The union representing about 1,800 Charter Communications technicians in New York are stepping up their efforts to force the cable operator back to the negotiating table, reportedly spending $3 million in an all-out campaign to get customers in the area to switch providers.
The International Brotherhood of Electrical Workers Local 3 has been on strike at Charter since March 2017. The union local, which has been without a contract since 2013, is embarking on a campaign including direct mail, TV, print and digital ads, as well as hiring individuals to knock on Charter customer doors to try to convince them to switch. As part of the ad campaign, the spots reportedly show how much customers can save if they drop Charter service and subscribe to streaming video services.
News of the campaign was first reported by the New York Post.
IBEW members walked out nearly two years ago complaining of poor working conditions and plans by Charter to take over its pension plan. The union has attracted support from several prominent local and state politicians, including New York Gov. Andrew Cuomo, who participated in a union rally against Charter in December.
Charter has denied the union’s claims, adding that it provides superior service backed by an 11,000-person highly trained New York state workforce.
“This campaign is basically telling people to choose inferior broadband, poor customer service and no NY1 or Spectrum Networks, effectively punishing themselves and their families for the union’s insistence on control over employee retirement funds,” Charter said in a statement.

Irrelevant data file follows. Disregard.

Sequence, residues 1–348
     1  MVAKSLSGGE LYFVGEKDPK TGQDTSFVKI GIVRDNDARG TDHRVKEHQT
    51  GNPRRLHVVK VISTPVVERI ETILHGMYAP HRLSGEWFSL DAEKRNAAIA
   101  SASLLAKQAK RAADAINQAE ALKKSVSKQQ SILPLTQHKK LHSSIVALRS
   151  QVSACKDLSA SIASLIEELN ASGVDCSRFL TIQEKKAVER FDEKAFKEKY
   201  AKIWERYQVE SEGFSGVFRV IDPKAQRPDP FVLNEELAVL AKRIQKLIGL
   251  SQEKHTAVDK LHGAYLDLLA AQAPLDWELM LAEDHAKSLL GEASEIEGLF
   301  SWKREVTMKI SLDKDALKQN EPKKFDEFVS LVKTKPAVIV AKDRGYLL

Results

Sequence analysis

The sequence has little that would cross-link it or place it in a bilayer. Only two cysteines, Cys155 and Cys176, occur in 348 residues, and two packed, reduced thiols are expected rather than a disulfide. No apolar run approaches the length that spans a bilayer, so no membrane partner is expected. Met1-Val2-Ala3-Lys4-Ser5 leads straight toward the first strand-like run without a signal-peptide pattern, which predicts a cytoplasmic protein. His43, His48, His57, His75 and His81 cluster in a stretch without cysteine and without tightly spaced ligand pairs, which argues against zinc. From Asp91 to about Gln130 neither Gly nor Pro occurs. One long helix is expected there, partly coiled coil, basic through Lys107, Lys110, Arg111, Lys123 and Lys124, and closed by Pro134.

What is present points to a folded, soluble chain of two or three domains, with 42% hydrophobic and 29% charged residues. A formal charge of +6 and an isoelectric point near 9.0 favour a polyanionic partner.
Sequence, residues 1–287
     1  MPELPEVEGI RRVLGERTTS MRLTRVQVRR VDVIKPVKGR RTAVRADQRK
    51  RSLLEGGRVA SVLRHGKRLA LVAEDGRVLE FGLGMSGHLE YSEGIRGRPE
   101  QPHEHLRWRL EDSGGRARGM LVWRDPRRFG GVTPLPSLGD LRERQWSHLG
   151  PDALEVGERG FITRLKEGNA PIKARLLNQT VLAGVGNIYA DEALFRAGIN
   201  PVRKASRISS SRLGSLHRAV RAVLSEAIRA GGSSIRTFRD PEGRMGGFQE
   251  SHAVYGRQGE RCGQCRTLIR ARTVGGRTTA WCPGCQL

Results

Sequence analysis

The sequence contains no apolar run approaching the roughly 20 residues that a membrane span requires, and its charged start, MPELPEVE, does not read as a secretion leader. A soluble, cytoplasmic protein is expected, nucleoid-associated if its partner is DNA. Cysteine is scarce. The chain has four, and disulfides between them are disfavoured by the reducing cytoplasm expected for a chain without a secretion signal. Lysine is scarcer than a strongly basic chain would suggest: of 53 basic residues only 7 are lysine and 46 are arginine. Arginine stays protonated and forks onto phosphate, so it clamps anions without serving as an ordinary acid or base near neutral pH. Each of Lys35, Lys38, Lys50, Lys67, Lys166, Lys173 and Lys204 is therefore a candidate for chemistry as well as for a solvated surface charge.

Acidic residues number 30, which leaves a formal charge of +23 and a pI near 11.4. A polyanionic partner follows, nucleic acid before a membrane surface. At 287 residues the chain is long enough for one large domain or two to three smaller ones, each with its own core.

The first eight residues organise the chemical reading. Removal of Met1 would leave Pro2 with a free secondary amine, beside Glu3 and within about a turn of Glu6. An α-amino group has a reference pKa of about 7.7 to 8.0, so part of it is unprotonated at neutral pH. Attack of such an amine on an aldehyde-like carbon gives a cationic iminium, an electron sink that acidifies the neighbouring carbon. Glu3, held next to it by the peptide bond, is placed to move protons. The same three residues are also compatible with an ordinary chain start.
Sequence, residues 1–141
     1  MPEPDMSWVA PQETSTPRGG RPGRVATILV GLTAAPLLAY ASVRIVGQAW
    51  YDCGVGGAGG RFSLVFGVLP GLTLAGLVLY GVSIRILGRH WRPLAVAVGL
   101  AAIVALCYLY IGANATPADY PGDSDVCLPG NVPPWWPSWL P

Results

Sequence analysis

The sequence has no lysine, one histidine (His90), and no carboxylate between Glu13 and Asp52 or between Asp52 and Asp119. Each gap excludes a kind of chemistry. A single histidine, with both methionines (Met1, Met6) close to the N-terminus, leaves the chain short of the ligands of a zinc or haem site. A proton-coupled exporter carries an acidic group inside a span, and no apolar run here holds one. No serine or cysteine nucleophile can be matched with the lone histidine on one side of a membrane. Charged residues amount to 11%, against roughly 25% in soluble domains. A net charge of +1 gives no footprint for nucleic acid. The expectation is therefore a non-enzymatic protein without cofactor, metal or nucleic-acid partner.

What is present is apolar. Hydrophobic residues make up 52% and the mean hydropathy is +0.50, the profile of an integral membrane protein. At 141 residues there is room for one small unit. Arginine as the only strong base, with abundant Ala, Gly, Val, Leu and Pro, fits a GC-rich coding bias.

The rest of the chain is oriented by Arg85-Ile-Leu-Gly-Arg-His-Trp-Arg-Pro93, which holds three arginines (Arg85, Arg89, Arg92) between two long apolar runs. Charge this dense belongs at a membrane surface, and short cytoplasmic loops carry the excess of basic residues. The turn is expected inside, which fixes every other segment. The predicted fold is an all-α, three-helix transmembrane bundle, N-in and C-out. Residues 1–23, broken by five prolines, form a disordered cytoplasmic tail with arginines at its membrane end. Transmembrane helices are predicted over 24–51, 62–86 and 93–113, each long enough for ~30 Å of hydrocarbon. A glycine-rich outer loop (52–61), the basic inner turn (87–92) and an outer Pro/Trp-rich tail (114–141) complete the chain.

IBEW Local 3 business manager Christopher Erikson did not return a phone call for comment. But he told the Post Dec. 10 that the union believed it necessary to “hit them where it hurts” because of what he characterized as nearly two-years of “union-busting” tactics.
Charter, in a statement, said it has been negotiating in good faith with the union over the past 20 months and “we are incredibly disappointed that despite our best efforts and numerous offers, the union continues to block an agreement. Charter has offered significant concessions to end the strike — including addressing the union's two biggest concerns, bringing strikers back and making payments into the union's benefits plan. Nevertheless, we remain committed to investing in our first-class workforce and delivering superior products and service to our customers.”
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